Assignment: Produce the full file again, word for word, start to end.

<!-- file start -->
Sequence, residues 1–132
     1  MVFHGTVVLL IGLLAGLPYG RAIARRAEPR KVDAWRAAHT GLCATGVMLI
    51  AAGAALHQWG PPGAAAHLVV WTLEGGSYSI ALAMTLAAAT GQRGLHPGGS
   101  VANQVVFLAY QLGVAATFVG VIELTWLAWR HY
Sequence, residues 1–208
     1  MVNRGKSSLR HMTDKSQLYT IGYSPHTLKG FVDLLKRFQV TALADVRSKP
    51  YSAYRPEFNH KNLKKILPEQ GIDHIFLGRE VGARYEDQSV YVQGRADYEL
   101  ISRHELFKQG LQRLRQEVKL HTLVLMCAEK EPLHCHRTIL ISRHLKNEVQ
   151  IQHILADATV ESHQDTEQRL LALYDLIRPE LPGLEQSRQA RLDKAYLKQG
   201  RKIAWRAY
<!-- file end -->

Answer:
Sequence, residues 1–132
     1  MVFHGTVVLL IGLLAGLPYG RAIARRAEPR KVDAWRAAHT GLCATGVMLI
    51  AAGAALHQWG PPGAAAHLVV WTLEGGSYSI ALAMTLAAAT GQRGLHPGGS
   101  VANQVVFLAY QLGVAATFVG VIELTWLAWR HY
Sequence, residues 1–208
     1  MVNRGKSSLR HMTDKSQLYT IGYSPHTLKG FVDLLKRFQV TALADVRSKP
    51  YSAYRPEFNH KNLKKILPEQ GIDHIFLGRE VGARYEDQSV YVQGRADYEL
   101  ISRHELFKQG LQRLRQEVKL HTLVLMCAEK EPLHCHRTIL ISRHLKNEVQ
   151  IQHILADATV ESHQDTEQRL LALYDLIRPE LPGLEQSRQA RLDKAYLKQG
   201  RKIAWRAY